A connected product ‘surprise’ is like a minor heart attack caused by a lack of best practices in diet or exercise. The system works under normal conditions, but a sudden shock or strain reveals the underlying weakness. An unexpected event unleashes a runaway process or data surge, resulting in huge auto-scaling hosting bills or cellular service charges that consume 6 months of revenue overnight. Alarm bells ring, the team scrambles to fix the immediate problem, and normal service is restored. Such wake-up calls are usually survivable, and appropriate interventions and behavior modifications can result in a more predictable future.
IoT Business Model Failure
What sadly occurs with increasing frequency, however, is the massive coronary failure, resulting from the slow accumulation of inefficiencies and systemic weaknesses over time that goes unnoticed until it is too late. This type of failure can stop digital transformation in its tracks and is fatal to both the connected product business model and the careers of those charged with its success. This silent killer lurks in the shadows of complex enterprise systems, vast streams of dirty data, and a cacophony of external and internal user demands. It is fed by the engineering efforts of hard-working teams who are simply fighting an unfair battle that they cannot win on their own.
While there are cases where the technology itself collapses first under its own weight, the more common scenario is an inexorable constriction of space between revenue and expense for the IoT-enabled business model. Even where revenues generated by new differentiated connected products and services remain on target, the costs of operating sub-optimally architected IoT systems continue to rise and at an increasing rate with each feature addition and business integration.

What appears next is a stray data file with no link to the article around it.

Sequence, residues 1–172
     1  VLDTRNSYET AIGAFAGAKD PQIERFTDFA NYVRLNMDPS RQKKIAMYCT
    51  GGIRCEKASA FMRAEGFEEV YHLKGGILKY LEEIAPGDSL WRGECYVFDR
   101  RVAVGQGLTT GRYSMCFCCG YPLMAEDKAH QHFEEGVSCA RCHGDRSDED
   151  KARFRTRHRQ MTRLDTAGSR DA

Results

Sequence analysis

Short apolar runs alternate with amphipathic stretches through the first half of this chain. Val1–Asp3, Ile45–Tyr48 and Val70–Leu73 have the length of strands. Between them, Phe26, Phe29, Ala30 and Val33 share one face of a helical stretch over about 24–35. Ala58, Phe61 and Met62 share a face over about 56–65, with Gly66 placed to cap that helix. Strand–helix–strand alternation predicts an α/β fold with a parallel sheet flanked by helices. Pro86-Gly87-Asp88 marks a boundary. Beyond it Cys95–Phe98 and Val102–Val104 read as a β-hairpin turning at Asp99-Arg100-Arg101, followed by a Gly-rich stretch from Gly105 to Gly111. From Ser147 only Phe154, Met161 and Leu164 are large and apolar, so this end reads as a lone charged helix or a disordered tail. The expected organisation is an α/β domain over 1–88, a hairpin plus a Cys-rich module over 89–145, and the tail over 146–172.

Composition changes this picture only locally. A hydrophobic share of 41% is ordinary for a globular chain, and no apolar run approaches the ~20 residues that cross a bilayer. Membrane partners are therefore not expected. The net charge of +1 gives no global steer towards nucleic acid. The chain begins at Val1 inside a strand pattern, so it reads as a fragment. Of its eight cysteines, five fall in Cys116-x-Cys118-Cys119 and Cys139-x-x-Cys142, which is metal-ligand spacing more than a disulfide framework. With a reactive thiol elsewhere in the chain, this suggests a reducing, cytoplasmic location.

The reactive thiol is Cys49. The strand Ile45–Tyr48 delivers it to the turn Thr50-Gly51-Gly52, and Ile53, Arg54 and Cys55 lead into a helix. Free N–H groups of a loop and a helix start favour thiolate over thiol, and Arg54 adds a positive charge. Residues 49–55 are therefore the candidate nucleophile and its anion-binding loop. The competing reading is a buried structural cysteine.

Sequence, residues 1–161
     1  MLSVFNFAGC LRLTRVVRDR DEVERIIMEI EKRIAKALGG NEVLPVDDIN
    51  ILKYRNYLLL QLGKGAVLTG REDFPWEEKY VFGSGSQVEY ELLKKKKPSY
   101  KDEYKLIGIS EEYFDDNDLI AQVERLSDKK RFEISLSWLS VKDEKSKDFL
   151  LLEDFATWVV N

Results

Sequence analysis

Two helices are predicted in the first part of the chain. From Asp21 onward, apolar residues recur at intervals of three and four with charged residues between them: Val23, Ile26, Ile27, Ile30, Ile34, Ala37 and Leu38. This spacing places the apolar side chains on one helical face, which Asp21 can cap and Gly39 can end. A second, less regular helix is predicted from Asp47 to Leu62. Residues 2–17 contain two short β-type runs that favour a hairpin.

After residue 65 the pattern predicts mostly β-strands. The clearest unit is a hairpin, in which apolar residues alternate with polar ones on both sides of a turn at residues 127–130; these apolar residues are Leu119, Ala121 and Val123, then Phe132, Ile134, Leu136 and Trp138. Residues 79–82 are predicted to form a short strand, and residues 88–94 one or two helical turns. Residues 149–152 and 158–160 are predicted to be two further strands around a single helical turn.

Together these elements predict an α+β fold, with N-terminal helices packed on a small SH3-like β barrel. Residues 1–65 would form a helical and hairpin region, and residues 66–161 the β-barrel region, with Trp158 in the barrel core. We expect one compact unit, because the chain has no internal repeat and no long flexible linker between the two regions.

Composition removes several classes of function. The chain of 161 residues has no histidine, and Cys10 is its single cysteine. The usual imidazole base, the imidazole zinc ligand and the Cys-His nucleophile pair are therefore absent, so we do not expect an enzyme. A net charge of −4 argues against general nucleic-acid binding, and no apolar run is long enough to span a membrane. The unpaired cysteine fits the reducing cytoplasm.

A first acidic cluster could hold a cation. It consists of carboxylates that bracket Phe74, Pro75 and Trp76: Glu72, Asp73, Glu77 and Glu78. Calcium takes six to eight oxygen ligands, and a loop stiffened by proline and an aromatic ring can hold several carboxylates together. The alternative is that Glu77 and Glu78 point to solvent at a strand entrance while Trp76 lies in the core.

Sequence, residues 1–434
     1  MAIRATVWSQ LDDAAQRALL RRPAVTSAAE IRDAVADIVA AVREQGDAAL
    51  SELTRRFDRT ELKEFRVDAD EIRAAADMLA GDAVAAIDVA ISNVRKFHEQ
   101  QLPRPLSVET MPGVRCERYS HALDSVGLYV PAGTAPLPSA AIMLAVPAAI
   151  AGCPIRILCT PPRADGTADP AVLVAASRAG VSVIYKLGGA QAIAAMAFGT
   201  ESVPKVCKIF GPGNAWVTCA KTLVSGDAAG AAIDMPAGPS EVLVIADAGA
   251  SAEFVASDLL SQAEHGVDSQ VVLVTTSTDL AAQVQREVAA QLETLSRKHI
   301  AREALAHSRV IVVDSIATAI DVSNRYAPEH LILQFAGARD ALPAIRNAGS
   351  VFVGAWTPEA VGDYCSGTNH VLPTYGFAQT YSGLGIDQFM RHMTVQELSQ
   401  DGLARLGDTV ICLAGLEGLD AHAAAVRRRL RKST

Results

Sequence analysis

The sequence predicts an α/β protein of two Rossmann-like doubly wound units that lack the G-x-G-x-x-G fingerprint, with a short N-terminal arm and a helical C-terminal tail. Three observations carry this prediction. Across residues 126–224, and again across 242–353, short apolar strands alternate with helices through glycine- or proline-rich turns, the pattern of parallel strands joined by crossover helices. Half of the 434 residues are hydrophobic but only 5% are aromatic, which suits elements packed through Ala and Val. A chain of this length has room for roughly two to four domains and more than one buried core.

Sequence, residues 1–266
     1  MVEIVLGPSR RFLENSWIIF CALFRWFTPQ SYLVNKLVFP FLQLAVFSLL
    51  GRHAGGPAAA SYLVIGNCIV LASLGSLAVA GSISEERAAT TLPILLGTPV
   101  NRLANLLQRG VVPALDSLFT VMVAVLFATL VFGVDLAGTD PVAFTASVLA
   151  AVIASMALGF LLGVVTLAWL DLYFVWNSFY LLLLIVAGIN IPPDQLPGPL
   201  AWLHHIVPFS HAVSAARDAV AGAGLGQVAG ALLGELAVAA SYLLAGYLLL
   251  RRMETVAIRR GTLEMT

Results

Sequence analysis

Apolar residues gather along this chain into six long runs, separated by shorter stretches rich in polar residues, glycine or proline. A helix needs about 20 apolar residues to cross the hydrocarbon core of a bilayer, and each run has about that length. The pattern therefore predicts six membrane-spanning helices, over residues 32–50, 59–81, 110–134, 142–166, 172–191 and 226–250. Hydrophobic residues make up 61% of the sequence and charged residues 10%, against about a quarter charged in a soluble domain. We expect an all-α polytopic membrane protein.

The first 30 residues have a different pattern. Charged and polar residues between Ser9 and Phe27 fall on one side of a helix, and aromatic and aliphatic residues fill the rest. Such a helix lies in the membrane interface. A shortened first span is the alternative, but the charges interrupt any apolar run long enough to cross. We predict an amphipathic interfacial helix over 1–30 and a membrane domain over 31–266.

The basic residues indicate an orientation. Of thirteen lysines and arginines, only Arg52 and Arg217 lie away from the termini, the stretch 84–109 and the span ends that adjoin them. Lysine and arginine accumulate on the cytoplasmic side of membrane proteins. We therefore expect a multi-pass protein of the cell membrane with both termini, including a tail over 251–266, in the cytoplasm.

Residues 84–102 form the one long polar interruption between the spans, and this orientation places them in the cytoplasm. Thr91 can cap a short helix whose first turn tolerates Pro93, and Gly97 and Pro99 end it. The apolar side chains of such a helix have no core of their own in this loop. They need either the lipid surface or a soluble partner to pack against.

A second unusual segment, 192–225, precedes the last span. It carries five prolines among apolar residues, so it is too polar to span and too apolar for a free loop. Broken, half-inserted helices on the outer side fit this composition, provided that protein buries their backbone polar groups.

What Doesn't Kill you Today Only Kills you Tomorrow
Your methods for managing initial volumes of data, machines, and users required a number of public cloud resources that you could justify based on expected revenue. As those volumes grow with the success of your business, however, your original architecture demands a growth in additional cloud resources at a rate outpacing revenue generation. Public cloud vendors have created incredible services. These services are also amazingly scalable. But, the scaling of resources means scaling of costs, and if your technology is scaling faster than your business, then your business is going to die. How well does your team understand (in both theory and execution) the 5 best practices for running IoT solutions at scale on AWS? Are they able to implement the critical portions of the Azure IoT Reference Guide for Industrial Equipment Manufacturers? There are many ways to build a basic IoT system — this can be done by connecting your device to the cloud and seeing data on a dashboard. There are fewer paths for delivering large-scale solutions with multiple product lines, customers, and user roles. While they are more challenging, ultimately, all that matters is the delivery of a system that can scale both at an engineering level and as a profitable business.
Published at DZone with permission of Marc Phillips, DZone MVB. See the original article here.